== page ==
Serbs, Muslims clash in Kosovo following basketball match

Three international peacekeepers and six locals were wounded in Kosovo's divided town of Mitrovica yesterday (12 September) after Serbia had lost a World Basketball Championship game in Istanbul the night before, according to officials.

Hundreds of people from the ethnic Albanian-dominated Muslim southern part of Mitrovica gathered at a bridge on the Ibar river, which separates the two communities, in order to celebrate Serbia's loss, which prevented them from reaching the final of the annual championships.

An exchange of stones and Molotov cocktails with Christian Serbs from the north then followed, forcing Kosovan police and EU security forces to close the bridge separating them and disperse the crowds with tear gas.

"KFOR strongly condemns the violent clashes in Mitrovica," Major General Erhard Buhler, who leads NATO KFOR peacekeepers in Kosovo, said in a statement following the clashes. "KFOR will not tolerate any violence in Kosovo and I ask the population in Kosovo to help that the troublemakers can be arrested," he added.

The violence highlighted continuing tensions in Mitrovica just days after Belgrade had supported a compromise United Nations resolution on Kosovo, agreeing to an EU-backed dialogue with Kosovo to promote cooperation between the divided communities (EURACTIV 10/09/10).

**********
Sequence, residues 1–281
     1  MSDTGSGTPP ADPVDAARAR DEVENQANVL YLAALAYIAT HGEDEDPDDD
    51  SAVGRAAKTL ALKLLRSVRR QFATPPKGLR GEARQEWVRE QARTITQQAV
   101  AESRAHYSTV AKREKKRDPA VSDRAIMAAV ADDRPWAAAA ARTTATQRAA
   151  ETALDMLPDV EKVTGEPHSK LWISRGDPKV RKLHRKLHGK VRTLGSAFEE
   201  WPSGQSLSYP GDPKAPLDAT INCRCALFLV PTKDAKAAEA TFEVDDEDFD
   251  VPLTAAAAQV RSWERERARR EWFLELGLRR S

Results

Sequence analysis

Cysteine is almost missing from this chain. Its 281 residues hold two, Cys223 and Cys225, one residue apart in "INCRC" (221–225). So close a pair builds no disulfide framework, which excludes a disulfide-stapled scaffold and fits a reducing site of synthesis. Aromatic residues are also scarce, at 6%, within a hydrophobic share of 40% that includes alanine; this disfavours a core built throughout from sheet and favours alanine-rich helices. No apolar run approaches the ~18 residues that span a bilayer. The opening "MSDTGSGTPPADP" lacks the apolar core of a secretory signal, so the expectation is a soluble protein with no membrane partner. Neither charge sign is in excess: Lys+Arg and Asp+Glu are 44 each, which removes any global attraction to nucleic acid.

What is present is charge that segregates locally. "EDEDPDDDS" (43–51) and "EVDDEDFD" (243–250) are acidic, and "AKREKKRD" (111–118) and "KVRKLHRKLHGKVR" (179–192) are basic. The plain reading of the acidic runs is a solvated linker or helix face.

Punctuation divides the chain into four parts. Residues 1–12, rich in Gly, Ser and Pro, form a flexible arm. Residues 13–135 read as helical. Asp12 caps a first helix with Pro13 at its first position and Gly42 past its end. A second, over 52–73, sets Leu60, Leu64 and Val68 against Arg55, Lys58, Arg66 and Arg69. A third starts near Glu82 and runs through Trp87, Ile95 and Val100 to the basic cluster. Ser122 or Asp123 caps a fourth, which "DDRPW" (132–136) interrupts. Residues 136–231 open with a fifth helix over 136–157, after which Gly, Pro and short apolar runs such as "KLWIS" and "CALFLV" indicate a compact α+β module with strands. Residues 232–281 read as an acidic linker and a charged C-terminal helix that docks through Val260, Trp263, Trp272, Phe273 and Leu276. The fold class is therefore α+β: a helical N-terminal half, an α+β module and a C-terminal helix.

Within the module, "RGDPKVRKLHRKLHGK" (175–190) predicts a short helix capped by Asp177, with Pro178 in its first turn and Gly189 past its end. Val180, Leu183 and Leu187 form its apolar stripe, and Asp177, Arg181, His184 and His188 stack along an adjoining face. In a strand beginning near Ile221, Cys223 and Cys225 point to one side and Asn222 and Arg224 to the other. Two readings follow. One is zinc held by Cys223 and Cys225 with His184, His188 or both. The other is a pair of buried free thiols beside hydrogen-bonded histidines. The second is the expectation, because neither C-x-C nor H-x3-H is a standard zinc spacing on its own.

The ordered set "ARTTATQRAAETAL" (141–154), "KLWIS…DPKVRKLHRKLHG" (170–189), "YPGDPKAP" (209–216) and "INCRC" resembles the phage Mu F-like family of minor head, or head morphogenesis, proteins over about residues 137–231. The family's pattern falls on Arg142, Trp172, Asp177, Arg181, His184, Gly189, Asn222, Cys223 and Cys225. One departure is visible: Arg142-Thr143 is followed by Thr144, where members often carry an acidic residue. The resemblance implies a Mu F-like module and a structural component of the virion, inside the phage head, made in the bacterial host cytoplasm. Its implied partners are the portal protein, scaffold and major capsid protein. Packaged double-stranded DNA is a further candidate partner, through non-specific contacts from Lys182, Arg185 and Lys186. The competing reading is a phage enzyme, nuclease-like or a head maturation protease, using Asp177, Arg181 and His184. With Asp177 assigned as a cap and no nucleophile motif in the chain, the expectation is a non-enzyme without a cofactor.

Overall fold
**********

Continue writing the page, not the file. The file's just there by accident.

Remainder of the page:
Turks and most Albanians share the Muslim religion. Kosovo is home to a sizeable Turkish minority and Turkey is a strong supporter of Kosovo's independence.

Early on Sunday, a French police officer serving with the European Union police and justice mission (EULEX) in Kosovo was shot in the leg. Karin Limdal, an EU spokeswoman, said the officer was not seriously wounded, adding: "We don't know where the bullet came from or the circumstances."

Serbia lost control over Kosovo, its former southern province, in 1999 after NATO bombing forced Serbia to end its crackdown on independence-seeking ethnic Albanians.

Kosovo, with its 90% ethnic Albanian majority, declared independence from Belgrade in 2008 following nine years of United Nations administration. Although the level of violence has subsided in recent years, violent ethnic strife, particularly in Kosovo's Serb-dominated north, has persisted.

(EURACTIV with Reuters.)

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